The rest of this article is only available to active members of Questia

Already a member? Log in now.

Notes for this article

Add a new note
If you are trying to select text to create highlights or citations, remember that you must now click or tap on the first word, and then click or tap on the last word.
One moment ...
Default project is now your active project.
Project items

Items saved from this article

This article has been saved
Highlights (0)
Some of your highlights are legacy items.

Highlights saved before July 30, 2012 will not be displayed on their respective source pages.

You can easily re-create the highlights by opening the book page or article, selecting the text, and clicking “Highlight.”

Citations (0)
Some of your citations are legacy items.

Any citation created before July 30, 2012 will labeled as a “Cited page.” New citations will be saved as cited passages, pages or articles.

We also added the ability to view new citations from your projects or the book or article where you created them.

Notes (0)
Bookmarks (0)

You have no saved items from this article

Project items include:
  • Saved book/article
  • Highlights
  • Quotes/citations
  • Notes
  • Bookmarks
Notes
Cite this article

Cited article

Style
Citations are available only to our active members.
Buy instant access to cite pages or passages in MLA, APA and Chicago citation styles.

(Einhorn, 1992, p. 25)

(Einhorn 25)

1. Lois J. Einhorn, Abraham Lincoln, the Orator: Penetrating the Lincoln Legend (Westport, CT: Greenwood Press, 1992), 25, http://www.questia.com/read/27419298.

Cited article

Clinton Vetoes Sanctions Bill; Sets, Imposes New Sanctions on Russia
Settings

Settings

Typeface
Text size Smaller Larger Reset View mode
Search within

Search within this article

Look up

Look up a word

  • Dictionary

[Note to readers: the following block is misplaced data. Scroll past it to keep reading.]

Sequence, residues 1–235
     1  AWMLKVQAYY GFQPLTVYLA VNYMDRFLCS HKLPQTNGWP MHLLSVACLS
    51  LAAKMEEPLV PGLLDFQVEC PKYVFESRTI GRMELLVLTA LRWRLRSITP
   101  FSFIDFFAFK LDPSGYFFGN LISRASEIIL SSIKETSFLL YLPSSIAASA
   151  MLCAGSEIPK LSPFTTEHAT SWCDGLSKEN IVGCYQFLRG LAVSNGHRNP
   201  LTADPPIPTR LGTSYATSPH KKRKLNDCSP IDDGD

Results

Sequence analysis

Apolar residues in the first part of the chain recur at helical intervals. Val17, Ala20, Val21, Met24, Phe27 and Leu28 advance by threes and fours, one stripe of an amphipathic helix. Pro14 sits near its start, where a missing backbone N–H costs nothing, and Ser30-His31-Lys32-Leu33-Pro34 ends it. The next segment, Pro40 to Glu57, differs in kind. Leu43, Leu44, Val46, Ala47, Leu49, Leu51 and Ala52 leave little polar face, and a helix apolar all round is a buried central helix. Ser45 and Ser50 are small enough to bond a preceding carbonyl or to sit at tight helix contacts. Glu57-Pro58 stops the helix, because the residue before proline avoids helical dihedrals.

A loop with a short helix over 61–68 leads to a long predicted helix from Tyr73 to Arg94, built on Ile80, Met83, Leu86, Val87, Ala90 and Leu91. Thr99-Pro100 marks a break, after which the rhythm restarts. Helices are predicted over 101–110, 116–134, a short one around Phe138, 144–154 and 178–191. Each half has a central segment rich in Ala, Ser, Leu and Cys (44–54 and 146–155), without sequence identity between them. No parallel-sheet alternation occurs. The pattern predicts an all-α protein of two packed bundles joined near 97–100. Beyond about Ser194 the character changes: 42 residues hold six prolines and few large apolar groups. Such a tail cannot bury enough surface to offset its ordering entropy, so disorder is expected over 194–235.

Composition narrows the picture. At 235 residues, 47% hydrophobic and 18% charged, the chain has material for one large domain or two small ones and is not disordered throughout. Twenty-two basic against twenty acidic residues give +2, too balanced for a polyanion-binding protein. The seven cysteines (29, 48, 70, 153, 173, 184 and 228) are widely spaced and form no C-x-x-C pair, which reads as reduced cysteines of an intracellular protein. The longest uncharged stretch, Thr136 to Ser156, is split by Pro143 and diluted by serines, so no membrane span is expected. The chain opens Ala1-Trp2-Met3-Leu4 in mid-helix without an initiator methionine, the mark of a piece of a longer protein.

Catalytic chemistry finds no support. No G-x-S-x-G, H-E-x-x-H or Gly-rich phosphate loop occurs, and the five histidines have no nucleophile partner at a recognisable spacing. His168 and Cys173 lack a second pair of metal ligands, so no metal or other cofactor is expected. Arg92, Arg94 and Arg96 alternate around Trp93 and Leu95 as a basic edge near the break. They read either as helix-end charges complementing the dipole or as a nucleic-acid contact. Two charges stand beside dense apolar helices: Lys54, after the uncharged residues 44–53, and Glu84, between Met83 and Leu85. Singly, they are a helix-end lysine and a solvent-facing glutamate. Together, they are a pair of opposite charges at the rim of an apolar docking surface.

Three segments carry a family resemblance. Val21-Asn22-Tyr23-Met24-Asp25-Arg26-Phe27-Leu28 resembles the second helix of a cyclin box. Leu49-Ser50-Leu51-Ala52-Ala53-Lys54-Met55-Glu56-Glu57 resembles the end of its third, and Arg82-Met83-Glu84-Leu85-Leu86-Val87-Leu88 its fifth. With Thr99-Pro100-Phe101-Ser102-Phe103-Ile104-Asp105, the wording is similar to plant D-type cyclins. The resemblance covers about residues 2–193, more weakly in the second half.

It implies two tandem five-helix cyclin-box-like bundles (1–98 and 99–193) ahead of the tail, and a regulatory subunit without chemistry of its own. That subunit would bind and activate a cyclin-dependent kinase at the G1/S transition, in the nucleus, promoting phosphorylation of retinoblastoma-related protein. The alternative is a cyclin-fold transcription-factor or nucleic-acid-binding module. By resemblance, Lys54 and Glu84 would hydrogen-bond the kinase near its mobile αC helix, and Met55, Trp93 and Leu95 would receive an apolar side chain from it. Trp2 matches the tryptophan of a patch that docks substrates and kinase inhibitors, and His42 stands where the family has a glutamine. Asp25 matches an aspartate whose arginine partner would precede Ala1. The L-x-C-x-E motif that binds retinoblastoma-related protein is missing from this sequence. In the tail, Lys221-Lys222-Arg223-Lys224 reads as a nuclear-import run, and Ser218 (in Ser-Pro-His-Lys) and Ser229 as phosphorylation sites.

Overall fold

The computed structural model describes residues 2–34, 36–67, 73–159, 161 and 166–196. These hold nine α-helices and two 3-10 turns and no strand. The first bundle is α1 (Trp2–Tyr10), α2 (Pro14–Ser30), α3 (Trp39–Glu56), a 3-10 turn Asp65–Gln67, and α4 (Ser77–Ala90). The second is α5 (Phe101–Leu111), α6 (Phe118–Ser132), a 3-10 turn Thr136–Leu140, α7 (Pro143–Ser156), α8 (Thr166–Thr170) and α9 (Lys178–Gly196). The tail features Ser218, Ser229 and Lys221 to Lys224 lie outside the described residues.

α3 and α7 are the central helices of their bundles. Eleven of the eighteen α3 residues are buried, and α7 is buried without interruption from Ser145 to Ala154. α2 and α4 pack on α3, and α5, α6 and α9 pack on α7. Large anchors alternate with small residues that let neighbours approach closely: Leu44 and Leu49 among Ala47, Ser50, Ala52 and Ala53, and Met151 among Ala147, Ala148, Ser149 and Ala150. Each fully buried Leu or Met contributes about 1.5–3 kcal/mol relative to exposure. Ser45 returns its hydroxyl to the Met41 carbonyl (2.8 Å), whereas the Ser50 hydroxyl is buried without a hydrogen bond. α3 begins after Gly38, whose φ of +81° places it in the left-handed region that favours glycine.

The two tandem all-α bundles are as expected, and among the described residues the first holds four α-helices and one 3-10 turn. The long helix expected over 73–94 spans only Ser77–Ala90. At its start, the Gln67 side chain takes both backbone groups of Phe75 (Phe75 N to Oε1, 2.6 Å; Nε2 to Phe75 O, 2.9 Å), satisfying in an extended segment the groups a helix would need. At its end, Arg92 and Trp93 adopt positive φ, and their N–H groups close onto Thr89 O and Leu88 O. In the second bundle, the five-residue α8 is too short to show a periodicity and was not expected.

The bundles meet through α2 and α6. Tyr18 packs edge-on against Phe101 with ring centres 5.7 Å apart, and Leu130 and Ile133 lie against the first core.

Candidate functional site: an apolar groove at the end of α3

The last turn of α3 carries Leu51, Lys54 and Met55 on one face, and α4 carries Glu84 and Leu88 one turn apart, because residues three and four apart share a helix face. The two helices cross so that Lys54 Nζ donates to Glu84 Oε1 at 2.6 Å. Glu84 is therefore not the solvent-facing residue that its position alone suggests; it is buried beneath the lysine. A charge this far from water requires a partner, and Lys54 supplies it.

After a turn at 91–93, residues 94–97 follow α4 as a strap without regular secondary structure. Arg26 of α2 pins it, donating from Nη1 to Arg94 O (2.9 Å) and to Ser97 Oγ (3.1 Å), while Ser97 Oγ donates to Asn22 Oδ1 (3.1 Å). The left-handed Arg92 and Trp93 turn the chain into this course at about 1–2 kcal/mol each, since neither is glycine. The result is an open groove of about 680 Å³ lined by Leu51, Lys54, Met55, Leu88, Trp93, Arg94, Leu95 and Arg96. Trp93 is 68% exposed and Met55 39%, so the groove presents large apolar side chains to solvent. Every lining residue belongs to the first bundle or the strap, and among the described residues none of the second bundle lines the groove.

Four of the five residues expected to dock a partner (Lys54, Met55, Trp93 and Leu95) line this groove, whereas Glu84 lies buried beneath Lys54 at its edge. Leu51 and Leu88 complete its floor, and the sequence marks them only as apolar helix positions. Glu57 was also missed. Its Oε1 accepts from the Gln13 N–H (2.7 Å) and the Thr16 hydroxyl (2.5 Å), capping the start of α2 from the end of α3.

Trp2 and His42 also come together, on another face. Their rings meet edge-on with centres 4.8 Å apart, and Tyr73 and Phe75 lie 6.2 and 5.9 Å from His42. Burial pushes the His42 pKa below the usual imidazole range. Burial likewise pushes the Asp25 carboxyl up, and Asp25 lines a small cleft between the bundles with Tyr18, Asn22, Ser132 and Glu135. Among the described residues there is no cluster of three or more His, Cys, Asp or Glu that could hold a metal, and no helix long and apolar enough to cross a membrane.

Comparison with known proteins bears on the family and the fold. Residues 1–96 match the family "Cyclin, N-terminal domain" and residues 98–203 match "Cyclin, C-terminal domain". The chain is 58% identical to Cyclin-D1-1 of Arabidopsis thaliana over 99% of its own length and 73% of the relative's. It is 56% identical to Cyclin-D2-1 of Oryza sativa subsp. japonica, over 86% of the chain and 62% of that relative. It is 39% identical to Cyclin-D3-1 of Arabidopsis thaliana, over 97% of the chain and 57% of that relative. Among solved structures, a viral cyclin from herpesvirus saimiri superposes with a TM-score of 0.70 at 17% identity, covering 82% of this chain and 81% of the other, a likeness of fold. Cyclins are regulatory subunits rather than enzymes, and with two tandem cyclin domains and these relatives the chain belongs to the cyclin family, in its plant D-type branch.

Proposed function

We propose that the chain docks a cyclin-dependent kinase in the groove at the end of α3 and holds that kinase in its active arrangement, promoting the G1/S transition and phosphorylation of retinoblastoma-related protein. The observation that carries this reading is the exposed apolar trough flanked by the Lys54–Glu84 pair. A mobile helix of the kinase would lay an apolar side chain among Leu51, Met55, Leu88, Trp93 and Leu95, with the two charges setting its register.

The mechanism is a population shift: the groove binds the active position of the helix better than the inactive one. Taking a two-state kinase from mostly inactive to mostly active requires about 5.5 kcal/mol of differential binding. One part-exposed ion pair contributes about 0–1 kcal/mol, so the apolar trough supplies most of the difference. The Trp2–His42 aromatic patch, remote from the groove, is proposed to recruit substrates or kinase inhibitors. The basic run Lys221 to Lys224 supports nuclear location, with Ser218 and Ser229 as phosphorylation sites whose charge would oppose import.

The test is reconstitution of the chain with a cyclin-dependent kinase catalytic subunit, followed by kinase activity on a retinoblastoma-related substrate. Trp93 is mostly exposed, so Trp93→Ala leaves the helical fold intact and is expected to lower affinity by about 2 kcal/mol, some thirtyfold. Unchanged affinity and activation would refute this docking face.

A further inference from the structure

• Thesaurus
Please submit a word or phrase above.
Print this page

Print this page

Why can't I print more than one page at a time?

Help
Full screen

matching results for page

    Questia reader help

    How to highlight and cite specific passages

    1. Click or tap the first word you want to select.
    2. Click or tap the last word you want to select, and you’ll see everything in between get selected.
    3. You’ll then get a menu of options like creating a highlight or a citation from that passage of text.

    OK, got it!

    Cited passage

    Style
    Citations are available only to our active members.
    Buy instant access to cite pages or passages in MLA, APA and Chicago citation styles.

    "Portraying himself as an honest, ordinary person helped Lincoln identify with his audiences." (Einhorn, 1992, p. 25).

    "Portraying himself as an honest, ordinary person helped Lincoln identify with his audiences." (Einhorn 25)

    "Portraying himself as an honest, ordinary person helped Lincoln identify with his audiences."1

    1. Lois J. Einhorn, Abraham Lincoln, the Orator: Penetrating the Lincoln Legend (Westport, CT: Greenwood Press, 1992), 25, http://www.questia.com/read/27419298.

    Cited passage

    Thanks for trying Questia!

    Please continue trying out our research tools, but please note, full functionality is available only to our active members.

    Your work will be lost once you leave this Web page.

    Buy instant access to save your work.

    Already a member? Log in now.

    Author Advanced search

    Oops!

    An unknown error has occurred. Please click the button below to reload the page. If the problem persists, please try again in a little while.